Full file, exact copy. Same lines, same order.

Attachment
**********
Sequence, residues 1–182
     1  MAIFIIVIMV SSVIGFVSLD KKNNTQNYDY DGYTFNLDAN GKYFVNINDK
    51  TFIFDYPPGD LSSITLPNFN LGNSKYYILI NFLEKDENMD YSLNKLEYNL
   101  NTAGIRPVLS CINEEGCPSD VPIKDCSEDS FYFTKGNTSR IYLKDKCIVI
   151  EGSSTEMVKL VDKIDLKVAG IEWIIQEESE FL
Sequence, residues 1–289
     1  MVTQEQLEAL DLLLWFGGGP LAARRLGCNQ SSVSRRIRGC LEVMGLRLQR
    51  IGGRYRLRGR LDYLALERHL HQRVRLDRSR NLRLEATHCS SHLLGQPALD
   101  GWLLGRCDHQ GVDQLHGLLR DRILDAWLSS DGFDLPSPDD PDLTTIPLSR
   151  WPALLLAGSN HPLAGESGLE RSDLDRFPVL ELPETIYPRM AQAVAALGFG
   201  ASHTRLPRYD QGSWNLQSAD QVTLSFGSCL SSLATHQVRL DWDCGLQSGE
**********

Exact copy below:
Sequence, residues 1–182
     1  MAIFIIVIMV SSVIGFVSLD KKNNTQNYDY DGYTFNLDAN GKYFVNINDK
    51  TFIFDYPPGD LSSITLPNFN LGNSKYYILI NFLEKDENMD YSLNKLEYNL
   101  NTAGIRPVLS CINEEGCPSD VPIKDCSEDS FYFTKGNTSR IYLKDKCIVI
   151  EGSSTEMVKL VDKIDLKVAG IEWIIQEESE FL
Sequence, residues 1–289
     1  MVTQEQLEAL DLLLWFGGGP LAARRLGCNQ SSVSRRIRGC LEVMGLRLQR
    51  IGGRYRLRGR LDYLALERHL HQRVRLDRSR NLRLEATHCS SHLLGQPALD
   101  GWLLGRCDHQ GVDQLHGLLR DRILDAWLSS DGFDLPSPDD PDLTTIPLSR
   151  WPALLLAGSN HPLAGESGLE RSDLDRFPVL ELPETIYPRM AQAVAALGFG
   201  ASHTRLPRYD QGSWNLQSAD QVTLSFGSCL SSLATHQVRL DWDCGLQSGE